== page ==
How France’s Macron went from a successful political newcomer to a weakened leader

PARIS — French President Emmanuel Macron’s expected political failure in decisive parliamentary elections Sunday could paralyze the country, weaken him abroad and overshadow his legacy, just as France prepares to step into the global spotlight as host of the Paris Olympics.

France’s youngest-ever president is known on the international stage for his tireless diplomatic efforts and pro-European initiatives. Now, many wonder how he will manage to keep the reins of the country with likely no majority in parliament and a confrontational government. Constitutionally barred from running for a third consecutive term in 2027, Macron, 46, is facing a struggle not to become a lame duck.

Whatever the outcome of Sunday’s runoff, it’s not expected to be good news for Macron. French media have recently described an “end of reign” atmosphere at the Elysee presidential palace. Polls suggest Macron’s centrist alliance is headed for defeat in Sunday’s runoff, after coming in third in the first round.

“It looks as if on the first ballot, the French wanted to punish their president,” Paris-based political analyst Dominique Moïsi told the Associated Press.

If the far-right National Rally and its allies win a majority in parliament, it would place the centrist president in the awkward situation of having to work with an anti-immigration, nationalist prime minister. Otherwise, Macron may have to seek a way to form a functioning government, possibly by offering a deal to his left-wing rivals. In any case, he would no longer be able to implement his own plans, which have been based on pro-business policies meant to boost France’s economy.

“We are in the unknown. The unknown unknown,” Moïsi said. “Because coalition governments are not a French tradition.”

Abroad, Macron used to appear as a key world player known for his non-stop diplomatic activism. He has been deeply involved in Western steps taken to support Ukraine since Russia’s invasion in February 2022. In the Middle East, France has been pushing for diplomatic efforts with its Arab partners. Earlier this year, Macron also outlined his vision for the European Union, urging the bloc of 27 nations to build its own robust defense and undertake major trade and economic reforms in order to compete with China and the U.S.

The French Constitution gives the president some powers over foreign policy, European affairs and defense. But the division of power with a prime minister from a rival party remains unclear, and without the backing of a government, Macron’s role may end up being limited.

The job of president is Macron’s first elected office. In his 30s, Macron quit his job as a banker at Rothschild to become Socialist President Francois Hollande’s economic adviser, working for two years by Hollande’s side at the presidential palace. Then, as economy minister in Hollande’s government from 2014 to 2016, he promoted a package of measures, notably allowing more stores to open on Sundays and evenings and opening up regulated sectors of the economy.

First elected president in 2017 after leaving the Socialists, Macron was then a successful 39-year-old political newbie. He sought to make the labor market more flexible and passed new rules to make it more difficult for the unemployed to claim benefits. His government also cut taxes for businesses to boost hiring.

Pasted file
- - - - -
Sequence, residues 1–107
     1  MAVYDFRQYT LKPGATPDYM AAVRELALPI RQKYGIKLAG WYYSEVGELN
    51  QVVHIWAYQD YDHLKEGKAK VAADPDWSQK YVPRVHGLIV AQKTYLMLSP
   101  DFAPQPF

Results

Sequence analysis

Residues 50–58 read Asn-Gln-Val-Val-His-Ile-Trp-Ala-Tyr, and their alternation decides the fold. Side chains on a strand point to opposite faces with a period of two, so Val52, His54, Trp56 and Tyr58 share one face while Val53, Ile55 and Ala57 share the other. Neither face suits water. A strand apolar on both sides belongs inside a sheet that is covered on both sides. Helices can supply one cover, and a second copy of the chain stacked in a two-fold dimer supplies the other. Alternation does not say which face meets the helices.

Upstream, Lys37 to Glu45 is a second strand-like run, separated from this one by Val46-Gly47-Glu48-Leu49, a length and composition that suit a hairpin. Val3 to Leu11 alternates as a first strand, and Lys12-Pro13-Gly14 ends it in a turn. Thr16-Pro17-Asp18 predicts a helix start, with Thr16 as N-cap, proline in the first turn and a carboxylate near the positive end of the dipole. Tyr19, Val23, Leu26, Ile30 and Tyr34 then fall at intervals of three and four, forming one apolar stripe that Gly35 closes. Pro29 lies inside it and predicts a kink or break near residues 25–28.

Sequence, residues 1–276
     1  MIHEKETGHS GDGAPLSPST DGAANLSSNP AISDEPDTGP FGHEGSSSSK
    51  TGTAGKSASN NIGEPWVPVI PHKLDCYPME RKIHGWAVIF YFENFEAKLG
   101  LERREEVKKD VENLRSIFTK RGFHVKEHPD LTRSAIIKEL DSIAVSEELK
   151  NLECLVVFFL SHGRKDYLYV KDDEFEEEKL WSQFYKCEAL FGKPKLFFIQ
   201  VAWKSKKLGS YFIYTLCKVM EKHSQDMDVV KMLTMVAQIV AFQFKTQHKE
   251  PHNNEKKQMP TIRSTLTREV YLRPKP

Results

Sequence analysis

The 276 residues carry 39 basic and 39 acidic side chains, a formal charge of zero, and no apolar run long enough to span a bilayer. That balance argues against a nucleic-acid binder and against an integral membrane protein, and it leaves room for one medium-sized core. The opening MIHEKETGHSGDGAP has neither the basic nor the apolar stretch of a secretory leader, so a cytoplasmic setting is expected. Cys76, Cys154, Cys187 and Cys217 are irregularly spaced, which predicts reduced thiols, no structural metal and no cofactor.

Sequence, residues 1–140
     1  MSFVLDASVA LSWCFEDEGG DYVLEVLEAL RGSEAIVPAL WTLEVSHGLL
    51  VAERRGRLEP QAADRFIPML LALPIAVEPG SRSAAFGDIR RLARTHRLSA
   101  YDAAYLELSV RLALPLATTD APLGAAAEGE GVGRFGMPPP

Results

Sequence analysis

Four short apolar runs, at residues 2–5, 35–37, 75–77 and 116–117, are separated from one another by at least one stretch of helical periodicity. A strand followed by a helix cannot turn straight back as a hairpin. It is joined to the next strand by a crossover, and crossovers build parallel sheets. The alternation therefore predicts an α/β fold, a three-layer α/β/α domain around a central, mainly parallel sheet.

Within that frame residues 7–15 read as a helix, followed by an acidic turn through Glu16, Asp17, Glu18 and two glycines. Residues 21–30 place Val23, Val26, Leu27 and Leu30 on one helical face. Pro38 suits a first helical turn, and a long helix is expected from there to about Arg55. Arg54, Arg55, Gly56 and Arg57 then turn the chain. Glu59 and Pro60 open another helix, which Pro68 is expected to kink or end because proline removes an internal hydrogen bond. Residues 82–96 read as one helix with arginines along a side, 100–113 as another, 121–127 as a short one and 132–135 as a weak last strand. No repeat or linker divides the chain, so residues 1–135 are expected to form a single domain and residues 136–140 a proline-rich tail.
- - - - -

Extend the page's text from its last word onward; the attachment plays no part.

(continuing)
The yellow vest anti-government protests soon erupted against perceived social injustice, leading to Macron being dubbed the “president of the rich.” He is still perceived by many as arrogant and out of touch with ordinary people. Opponents on the left accused him of destroying workers’ protections. Macron argued that unemployment has fallen from over 10% to 7.5% now and France has been ranked the most attractive European country for foreign investment in recent years.

Macron was reelected in 2022, defeating for the second consecutive time his far-right rival Marine Le Pen in the runoff of the presidential election. But he lost his parliamentary majority, even though his centrist alliance took the largest share of seats in the National Assembly. He then struggled to pass an unpopular plan to raise the retirement age from 62 to 64, prompting months of mass protests that damaged his leadership. Riots swept hundreds of cities, towns and villages in 2023, after the fatal police shooting of a teenager.

Politically, the centrist leader launched his own party on a promise to do better than the mainstream right and left. But that, also, now appears as bound to fail. His call for snap elections actually pushed forward two major forces: the far-right National Rally and a broad leftist coalition including the Socialists, the greens and hard-left France Unbowed.

Macron’s own camp questioned the president’s political skills after he announced the surprise decision to dissolve the National Assembly last month. Bruno Le Maire, his finance minister for seven years, told France Inter radio that “this decision has created — in our country, in the French people, everywhere — concern, incomprehension, sometimes anger.” Macron’s former prime minister, Edouard Philippe, accused him of having “killed” his centrist majority.

Macron’s fate may become a topic for discussion next week at a NATO summit in Washington that will be the occasion for world leaders to meet with the new British Prime Minister Keir Starmer.

“The paradox of the present situation is that as a result of the last two elections in Great Britain and in France, there will be more Great Britain and less France at the NATO summit,” Moïsi said. “The strongest personality will be the new prime minister of Great Britain. And the weak personality will be the president of France.”

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AP journalist Oleg Cetinic contributed to the story.

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